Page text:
First PFML deadlines are approaching--are you ready?

—For the past year, we've been helping Massachusetts employers prepare for the upcoming "Grand Bargain" legislation, which, among other things, mandates paid family and medical leave (PFML) for employees. Although employees will not be entitled to receive PFML benefits until January 1, 2021, covered employers must start making wage deductions on July 1, 2019, to fund contributions to the Massachusetts Department of Family and Medical Leave (DFML), which will be due with your October 2019 quarterly tax payments. You must also meet certain notice requirements under the PFML law and, if you haven't already, consider whether you want to opt out and institute a private plan. The DFML recently announced several important changes to upcoming deadlines and provided additional information about the PFML law, which goes into effect July 1.

Deadline for employee notice extended to June 30

In addition to collecting and making contributions to fund PFML, employers must provide notice of the law to employees by June 30, 2019. Two separate notice forms are required:

  1. The PFML mandatory workplace poster, which provides general notice of the benefits available under the law; and
  2. A written notice distributed to each employee.

The mandatory workplace poster must be available in English and each language that is primarily spoken by at least five people in your workforce if the DFML has published a translation of the notice in that language.

The written notice must include information on PFML benefits, contribution rates, and how to apply for benefits. It must also include your company's name and mailing address, your federal employer identification number, and the DFML's mailing address, e-mail address, and telephone number. If more than 50 percent of your workers are independent contractors, you must also provide notice of the law to them because they will generally be entitled to PFML benefits.

Notice to individual employees is required within 30 days of their first day of employment (or by June 30 for employees hired before June 1, 2019) and must be written in the employee's primary language. So far, the DFML has published both the poster and the notice in 13 different languages. We recommend using the model notices, which are available for download on the DFML's website at

Questions about tax treatment of contributions remain

You must begin making contributions to the state to cover PFML on July 1, 2019, but uncertainty about the tax treatment of those contributions remains. As a result, the DFML asked the IRS for guidance. The department recently provided an update for employers.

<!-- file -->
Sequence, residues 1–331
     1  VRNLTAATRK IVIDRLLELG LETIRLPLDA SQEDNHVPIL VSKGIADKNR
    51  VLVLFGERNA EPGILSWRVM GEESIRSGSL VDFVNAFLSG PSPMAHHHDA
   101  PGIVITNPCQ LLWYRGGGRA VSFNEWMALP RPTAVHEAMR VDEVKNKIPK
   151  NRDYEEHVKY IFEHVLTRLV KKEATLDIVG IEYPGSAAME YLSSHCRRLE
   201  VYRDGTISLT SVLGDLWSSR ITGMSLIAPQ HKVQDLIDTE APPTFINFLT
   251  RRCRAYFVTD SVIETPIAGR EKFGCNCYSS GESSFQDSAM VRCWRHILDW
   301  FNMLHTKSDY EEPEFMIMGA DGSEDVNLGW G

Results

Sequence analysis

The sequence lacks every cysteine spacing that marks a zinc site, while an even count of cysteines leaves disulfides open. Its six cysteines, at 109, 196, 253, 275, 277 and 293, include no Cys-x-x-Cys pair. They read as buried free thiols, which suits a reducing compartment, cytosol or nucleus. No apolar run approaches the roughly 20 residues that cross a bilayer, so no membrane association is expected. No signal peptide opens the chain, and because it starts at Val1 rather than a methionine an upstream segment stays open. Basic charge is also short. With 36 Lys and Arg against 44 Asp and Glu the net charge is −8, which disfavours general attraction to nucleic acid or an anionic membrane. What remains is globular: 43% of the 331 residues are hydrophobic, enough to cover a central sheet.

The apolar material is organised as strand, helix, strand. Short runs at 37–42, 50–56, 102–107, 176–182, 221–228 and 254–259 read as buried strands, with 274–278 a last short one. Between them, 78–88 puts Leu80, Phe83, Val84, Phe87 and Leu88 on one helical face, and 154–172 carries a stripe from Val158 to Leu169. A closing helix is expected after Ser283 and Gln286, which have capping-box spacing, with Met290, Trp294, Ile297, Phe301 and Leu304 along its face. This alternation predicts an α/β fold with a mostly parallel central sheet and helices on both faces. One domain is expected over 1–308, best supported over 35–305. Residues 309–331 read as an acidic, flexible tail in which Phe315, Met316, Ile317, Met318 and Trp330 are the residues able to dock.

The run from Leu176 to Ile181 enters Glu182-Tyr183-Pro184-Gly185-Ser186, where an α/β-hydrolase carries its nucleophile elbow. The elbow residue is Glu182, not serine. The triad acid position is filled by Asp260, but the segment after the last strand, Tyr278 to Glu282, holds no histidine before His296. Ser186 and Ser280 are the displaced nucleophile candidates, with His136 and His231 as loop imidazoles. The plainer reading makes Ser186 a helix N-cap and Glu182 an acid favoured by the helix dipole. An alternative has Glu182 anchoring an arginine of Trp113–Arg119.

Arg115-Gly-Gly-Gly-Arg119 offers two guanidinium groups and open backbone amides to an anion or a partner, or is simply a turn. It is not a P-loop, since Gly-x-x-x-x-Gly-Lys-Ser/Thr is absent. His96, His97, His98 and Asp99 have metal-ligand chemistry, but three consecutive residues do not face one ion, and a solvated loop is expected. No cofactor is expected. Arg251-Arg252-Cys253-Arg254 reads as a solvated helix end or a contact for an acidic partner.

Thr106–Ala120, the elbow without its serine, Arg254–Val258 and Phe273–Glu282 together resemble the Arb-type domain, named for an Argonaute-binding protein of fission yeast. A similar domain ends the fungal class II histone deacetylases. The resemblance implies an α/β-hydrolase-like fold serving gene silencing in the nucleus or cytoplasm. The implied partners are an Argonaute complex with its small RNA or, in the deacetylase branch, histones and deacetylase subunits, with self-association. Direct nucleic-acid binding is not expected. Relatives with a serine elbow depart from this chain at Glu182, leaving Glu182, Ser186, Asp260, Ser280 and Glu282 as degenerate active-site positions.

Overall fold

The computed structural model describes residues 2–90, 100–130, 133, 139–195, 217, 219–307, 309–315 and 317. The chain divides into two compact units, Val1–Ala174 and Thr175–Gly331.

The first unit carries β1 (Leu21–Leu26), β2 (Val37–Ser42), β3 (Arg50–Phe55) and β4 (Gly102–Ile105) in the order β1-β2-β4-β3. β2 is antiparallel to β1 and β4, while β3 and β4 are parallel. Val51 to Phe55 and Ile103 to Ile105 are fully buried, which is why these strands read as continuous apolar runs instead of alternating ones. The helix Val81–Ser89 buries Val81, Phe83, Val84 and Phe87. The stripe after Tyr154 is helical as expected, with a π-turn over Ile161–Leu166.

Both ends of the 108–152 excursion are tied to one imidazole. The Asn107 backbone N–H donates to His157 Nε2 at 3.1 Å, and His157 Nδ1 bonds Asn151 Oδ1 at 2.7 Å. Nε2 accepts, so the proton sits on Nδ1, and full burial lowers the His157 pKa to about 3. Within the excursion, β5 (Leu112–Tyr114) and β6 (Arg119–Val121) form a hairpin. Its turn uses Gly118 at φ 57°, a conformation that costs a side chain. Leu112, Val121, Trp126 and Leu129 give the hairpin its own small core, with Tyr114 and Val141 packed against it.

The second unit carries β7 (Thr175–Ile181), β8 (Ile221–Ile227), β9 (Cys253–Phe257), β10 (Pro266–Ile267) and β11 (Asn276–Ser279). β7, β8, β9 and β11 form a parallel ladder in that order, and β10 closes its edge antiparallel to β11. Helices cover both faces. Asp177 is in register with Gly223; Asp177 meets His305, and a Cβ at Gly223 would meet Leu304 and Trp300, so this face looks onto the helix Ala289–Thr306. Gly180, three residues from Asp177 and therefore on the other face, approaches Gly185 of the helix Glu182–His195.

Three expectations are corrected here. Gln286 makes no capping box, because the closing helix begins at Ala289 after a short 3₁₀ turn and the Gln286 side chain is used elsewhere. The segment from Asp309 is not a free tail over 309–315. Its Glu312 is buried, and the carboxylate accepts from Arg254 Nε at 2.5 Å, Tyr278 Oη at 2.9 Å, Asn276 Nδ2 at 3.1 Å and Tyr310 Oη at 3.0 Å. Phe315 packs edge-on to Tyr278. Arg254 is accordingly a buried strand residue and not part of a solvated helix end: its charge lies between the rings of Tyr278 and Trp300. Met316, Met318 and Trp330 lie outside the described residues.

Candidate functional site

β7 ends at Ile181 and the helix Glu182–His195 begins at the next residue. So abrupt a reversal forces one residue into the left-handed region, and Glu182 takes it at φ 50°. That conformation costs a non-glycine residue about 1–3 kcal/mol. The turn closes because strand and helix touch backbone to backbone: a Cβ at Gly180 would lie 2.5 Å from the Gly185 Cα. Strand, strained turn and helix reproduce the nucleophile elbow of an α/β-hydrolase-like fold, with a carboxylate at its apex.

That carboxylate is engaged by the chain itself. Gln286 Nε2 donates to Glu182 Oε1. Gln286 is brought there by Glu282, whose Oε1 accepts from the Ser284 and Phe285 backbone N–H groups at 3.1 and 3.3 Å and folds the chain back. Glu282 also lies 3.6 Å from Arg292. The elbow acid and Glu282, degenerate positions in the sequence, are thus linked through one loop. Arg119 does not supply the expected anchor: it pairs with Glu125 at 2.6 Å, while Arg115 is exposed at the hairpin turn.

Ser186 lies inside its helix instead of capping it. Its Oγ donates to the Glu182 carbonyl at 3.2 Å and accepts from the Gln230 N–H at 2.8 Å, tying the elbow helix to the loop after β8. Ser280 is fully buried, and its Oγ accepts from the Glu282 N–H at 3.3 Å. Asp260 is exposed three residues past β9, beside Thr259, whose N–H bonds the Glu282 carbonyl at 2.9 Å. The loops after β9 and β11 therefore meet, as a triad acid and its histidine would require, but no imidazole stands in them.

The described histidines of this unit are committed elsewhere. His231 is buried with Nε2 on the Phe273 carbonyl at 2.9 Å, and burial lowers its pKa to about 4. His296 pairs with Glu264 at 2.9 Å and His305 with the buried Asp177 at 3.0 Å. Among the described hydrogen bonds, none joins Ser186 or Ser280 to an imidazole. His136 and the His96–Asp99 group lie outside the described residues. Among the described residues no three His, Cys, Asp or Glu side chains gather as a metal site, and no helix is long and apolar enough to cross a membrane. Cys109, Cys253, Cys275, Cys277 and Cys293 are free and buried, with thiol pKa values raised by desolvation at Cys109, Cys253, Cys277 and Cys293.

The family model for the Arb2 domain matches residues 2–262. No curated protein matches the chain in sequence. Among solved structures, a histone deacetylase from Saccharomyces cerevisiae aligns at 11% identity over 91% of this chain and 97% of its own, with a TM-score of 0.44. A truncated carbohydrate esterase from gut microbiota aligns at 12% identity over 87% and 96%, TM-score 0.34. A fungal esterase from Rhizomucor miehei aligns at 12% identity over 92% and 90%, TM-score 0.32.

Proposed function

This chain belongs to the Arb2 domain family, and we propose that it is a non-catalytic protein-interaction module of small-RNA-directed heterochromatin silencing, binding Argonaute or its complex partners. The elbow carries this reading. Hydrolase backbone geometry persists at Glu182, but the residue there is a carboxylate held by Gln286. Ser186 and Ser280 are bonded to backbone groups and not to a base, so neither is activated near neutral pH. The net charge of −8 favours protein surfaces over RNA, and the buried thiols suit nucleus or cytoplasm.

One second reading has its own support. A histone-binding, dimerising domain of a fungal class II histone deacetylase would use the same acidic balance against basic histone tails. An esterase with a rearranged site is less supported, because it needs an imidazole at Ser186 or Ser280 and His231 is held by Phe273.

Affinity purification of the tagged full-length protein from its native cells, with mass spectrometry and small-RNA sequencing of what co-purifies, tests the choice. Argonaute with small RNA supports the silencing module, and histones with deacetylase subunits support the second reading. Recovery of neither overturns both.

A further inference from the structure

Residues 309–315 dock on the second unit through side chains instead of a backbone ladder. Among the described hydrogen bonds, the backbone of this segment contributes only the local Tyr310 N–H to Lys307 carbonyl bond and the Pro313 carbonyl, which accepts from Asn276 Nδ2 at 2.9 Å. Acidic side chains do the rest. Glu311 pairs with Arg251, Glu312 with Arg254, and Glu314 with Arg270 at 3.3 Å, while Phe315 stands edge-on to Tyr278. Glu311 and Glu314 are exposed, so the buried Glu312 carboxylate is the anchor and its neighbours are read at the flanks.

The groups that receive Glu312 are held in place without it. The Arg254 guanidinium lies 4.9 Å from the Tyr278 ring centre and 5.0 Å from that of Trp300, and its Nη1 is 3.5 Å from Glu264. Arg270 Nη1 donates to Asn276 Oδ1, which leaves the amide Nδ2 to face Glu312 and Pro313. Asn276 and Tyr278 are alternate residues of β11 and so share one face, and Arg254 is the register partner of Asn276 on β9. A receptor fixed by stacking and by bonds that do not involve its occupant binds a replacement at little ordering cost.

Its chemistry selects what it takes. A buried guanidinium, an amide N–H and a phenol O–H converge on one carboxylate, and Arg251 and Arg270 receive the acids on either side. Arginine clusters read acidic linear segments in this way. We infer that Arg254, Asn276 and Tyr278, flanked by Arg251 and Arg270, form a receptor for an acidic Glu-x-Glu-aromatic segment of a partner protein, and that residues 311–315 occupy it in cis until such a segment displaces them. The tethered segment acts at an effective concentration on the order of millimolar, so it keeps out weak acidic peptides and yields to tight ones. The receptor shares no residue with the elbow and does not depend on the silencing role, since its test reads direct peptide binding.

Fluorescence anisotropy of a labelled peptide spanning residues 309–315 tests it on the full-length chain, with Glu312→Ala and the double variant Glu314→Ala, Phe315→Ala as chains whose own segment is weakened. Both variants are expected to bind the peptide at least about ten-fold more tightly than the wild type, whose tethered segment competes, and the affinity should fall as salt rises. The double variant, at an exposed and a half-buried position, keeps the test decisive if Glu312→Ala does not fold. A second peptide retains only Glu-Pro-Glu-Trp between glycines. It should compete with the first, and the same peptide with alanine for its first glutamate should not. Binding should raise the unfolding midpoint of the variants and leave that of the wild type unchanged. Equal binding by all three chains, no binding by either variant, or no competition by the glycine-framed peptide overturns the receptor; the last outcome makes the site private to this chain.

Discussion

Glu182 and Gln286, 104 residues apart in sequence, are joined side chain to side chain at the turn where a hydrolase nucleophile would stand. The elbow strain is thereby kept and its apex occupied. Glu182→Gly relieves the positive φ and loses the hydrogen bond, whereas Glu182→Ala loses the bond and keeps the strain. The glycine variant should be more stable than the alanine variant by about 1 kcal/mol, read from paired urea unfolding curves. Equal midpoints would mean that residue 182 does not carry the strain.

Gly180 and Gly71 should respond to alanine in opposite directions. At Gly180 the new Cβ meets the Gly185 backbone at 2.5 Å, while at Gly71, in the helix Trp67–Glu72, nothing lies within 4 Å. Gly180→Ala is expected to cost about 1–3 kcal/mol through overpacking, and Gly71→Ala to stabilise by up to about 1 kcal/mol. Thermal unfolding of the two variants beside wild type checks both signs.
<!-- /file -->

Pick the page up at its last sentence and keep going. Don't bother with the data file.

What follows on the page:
Although the DFML anticipates that employees' contributions should be withheld from after-tax wages, it's awaiting the IRS guidance before making a final determination. It's unclear when that guidance might be issued. If no guidance is issued by July 1, you should check with your tax adviser for a recommendation on the PFML law's tax-related implications. Regardless of the notice extensions and the lack of definitive guidance on tax issues, contributions to PFML begin on July 1.

State extends private plan exemption deadline

Employers with paid leave plans that offer benefits equal to or more generous than the benefits provided under the PFML law may obtain an exemption from the DFML. If you haven't given a lot of thought to private plan options, you will have more time to do so. The deadline for filing for a private plan exemption has been extended from June 30 to September 20 for the first quarter. After that, applications will continue to be accepted on a rolling basis and, if approved, will be applicable beginning the following quarter.

Employers that apply for an exemption that isn't approved will be responsible for making contributions for the first quarter (July 1 through September 30) by October 31. More information about applying for an exemption can be found on the DFML's website.

Bottom line

Given the upcoming deadlines, now is the time to determine what your contribution rates will be (if you haven't done so already), consider applying for an exemption, and make sure you are prepared to provide notice to your employees by the June 30 deadline. If you have questions about the notice requirements or any of your other obligations under the PFML law, be sure to consult with experienced employment counsel.

Marylou Fabbo is a partner at the firm of Skoler, Abbott & Presser, P.C. She can be reached at 413-737-4753 or Kimberly A. Klimczuk is a partner at the firm of Skoler, Abbott & Presser, P.C. She can be reached at 413-737-4753 or